(a)        We are dealing with a Ministerial delegate, not a “tribunal” in any formal sense. In Dunsmuir the Supreme Court used the word “tribunal” on this point. In my view, although it is not perfectly clear, in Dunsmuir the Supreme Court did not intend to restrict this position of deference to interpretations by formal tribunals. Throughout its discussion of the standard of review, the Supreme Court used the terms “tribunal,” “decision maker,” “exercises of public authority,” “administrative bodies,” “adjudicative tribunal,” “adjudicative bodies,” “administrative tribunal,” and “administrative actors”: Dunsmuir, supra at paragraphs 28-29, 31, 33, 41, 47-50, 52, 54-56, and 59. It seems to have used the terms interchangeably and, collectively, they are wide enough to embrace a Ministerial delegate such as the Director.

(b)        In a relatively recent decision, albeit before Dunsmuir, the Supreme Court did not defer to the interpretation of a Ministerial delegate who was interpreting a statute closely related to his function: Hilewitz v. Canada (Minister of Citizenship and Immigration); De Jong v. Canada (Minister of Citizenship and Immigration), 2005 SCC 57 (CanLII), 2005 SCC 57, [2005] 2 S.C.R. 706, (a visa officer making an assessment under subparagraph 19(1)(a)(ii) of the Immigration Act, R.S.C. 1985, c. I‑2); see also Canada (Minister of Citizenship and Immigration) v. Patel, 2011 FCA 187 (CanLII), 2011 FCA 187 and cases cited at paragraph 27 of Patel. This is certainly consistent with how we today approach decisions involving some other Ministerial delegates. For example, in the income tax context, income tax assessors – Ministerial delegates – are very familiar with the Income Tax Act. One might think that the normal administrative law standard of review analysis would apply to appeals of these administrators, with deference to their legal interpretations being the result: see, e.g., Canada (Director of Investigation and Research) v. Southam Inc., 1997 CanLII 385 (SCC), [1997] 1 S.C.R. 748 and Dunsmuir, supra at paragraph 54. But it does not. The Tax Court of Canada, sitting in appeal on income tax assessments, and this Court do not defer at all to the statutory interpretations of the Minister’s delegate.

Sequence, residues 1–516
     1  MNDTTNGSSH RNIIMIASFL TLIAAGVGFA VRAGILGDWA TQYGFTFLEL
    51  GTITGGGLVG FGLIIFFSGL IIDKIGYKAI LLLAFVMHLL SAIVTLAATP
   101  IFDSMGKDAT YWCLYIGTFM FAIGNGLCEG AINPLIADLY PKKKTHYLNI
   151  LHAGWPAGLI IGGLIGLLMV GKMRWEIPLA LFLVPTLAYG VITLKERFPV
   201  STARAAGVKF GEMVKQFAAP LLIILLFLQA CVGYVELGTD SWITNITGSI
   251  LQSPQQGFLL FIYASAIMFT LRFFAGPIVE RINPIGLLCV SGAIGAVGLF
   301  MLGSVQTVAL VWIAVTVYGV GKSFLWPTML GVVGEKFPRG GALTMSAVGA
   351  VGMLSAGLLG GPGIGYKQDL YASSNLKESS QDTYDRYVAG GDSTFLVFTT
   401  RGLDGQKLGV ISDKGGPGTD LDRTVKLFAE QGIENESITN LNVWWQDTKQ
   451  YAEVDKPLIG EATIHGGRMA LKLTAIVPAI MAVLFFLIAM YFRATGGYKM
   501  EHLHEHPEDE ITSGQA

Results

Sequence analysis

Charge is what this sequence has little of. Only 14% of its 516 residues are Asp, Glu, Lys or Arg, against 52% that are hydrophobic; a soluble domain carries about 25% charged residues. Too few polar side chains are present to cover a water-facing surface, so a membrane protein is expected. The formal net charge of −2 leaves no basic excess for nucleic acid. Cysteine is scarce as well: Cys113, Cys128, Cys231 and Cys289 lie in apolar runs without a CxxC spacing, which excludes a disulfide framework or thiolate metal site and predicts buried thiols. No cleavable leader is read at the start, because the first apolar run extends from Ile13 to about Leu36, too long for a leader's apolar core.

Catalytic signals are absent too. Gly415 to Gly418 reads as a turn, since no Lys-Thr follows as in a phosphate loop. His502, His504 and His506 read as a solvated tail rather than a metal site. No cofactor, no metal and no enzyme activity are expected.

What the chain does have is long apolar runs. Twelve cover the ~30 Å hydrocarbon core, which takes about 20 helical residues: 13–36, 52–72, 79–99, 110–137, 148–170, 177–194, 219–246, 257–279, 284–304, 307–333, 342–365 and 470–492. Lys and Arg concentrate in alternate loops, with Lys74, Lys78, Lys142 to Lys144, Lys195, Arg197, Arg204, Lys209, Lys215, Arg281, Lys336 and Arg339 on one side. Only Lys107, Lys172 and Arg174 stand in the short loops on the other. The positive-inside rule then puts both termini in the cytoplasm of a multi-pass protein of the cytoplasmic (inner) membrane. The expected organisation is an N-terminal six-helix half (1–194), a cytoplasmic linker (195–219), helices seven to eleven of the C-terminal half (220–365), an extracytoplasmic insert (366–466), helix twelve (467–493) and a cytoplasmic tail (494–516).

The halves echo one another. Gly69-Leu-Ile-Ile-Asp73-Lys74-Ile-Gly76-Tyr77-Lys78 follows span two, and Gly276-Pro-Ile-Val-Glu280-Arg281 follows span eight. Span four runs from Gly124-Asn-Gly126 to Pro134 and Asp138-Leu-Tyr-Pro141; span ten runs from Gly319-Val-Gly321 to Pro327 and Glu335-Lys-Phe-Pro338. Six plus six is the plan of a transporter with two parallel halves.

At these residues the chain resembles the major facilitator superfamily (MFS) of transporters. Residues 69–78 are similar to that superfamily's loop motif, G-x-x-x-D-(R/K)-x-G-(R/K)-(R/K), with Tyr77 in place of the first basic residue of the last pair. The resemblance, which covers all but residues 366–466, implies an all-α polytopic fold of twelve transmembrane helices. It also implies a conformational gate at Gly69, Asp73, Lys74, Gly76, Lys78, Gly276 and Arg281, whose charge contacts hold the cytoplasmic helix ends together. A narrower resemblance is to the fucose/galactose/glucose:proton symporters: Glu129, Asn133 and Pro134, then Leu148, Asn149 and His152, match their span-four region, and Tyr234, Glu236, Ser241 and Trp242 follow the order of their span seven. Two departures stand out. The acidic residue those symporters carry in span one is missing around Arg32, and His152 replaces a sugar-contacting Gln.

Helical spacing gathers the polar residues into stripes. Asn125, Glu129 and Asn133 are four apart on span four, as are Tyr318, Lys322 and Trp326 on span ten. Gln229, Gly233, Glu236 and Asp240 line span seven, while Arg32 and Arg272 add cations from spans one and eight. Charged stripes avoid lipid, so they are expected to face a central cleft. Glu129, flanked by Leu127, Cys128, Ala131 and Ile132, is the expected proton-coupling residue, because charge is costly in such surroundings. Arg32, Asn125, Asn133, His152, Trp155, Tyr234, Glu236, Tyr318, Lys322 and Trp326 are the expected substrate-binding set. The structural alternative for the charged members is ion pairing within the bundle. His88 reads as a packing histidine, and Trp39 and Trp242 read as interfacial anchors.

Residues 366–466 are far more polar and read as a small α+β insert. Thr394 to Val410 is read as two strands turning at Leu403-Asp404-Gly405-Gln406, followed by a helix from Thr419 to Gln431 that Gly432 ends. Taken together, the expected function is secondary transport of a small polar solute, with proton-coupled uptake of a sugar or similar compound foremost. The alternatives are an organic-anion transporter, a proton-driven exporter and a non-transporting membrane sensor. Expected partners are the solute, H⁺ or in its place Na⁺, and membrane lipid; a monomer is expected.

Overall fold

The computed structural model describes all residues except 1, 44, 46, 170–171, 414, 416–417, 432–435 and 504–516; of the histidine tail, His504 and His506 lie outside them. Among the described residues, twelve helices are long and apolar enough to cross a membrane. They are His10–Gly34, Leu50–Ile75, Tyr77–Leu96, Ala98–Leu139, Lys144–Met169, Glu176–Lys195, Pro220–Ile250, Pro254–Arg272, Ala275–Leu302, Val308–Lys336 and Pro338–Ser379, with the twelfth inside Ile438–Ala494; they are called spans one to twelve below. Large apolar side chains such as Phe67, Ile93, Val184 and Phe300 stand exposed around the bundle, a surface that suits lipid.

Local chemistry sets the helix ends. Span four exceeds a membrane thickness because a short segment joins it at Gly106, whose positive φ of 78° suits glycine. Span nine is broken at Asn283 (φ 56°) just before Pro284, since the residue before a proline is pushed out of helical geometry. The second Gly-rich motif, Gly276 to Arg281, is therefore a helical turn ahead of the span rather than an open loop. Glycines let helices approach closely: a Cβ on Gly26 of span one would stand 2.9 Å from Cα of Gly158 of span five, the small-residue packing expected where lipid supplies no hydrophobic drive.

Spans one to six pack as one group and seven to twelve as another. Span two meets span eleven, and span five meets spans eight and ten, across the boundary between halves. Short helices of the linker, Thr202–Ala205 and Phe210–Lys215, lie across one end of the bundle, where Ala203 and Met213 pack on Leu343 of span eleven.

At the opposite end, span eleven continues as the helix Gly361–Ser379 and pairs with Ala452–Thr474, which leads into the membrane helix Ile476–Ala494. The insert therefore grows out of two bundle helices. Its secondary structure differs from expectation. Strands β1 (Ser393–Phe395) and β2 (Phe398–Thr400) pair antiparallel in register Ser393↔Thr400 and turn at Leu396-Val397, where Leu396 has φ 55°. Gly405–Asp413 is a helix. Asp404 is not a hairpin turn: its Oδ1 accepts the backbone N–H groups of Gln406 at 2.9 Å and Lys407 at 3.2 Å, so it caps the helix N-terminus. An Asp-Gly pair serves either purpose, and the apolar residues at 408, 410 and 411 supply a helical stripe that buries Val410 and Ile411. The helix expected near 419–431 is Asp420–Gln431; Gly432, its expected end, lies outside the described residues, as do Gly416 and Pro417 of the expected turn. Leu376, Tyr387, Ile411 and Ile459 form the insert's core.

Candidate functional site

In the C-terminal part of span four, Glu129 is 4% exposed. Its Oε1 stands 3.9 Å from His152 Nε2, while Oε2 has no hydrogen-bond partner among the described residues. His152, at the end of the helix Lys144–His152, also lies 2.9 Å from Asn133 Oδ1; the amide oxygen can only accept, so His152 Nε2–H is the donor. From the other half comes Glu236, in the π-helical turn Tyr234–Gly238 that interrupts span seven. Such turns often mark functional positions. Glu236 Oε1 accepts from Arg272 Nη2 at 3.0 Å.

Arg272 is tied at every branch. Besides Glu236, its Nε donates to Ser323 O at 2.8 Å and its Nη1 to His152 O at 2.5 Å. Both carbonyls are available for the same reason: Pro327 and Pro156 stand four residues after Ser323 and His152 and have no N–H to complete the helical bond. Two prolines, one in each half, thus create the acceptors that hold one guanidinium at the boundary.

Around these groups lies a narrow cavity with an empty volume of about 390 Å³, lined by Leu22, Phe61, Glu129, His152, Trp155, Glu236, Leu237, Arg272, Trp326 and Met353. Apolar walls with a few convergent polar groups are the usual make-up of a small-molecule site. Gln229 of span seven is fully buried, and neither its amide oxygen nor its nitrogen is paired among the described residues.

(c)        The Supreme Court spoke in Dunsmuir of deference to interpretations of certain types of “statutes.” Did it mean to restrict this principle to “statutes”? There would appear to be no principled basis to do so. Deference probably also applies to interpretations of other types of laws, such as the Order in Council in this case.

(d)        The Director’s title seems to suggest that he administers programs such as this, and so he could be considered to be interpreting what Dunsmuir described as a law “closely connected with [his] function,” warranting our deference. But there is no evidence in the record on this one way or the other, nor would one expect there to be such evidence given the narrow nature of a record on judicial review.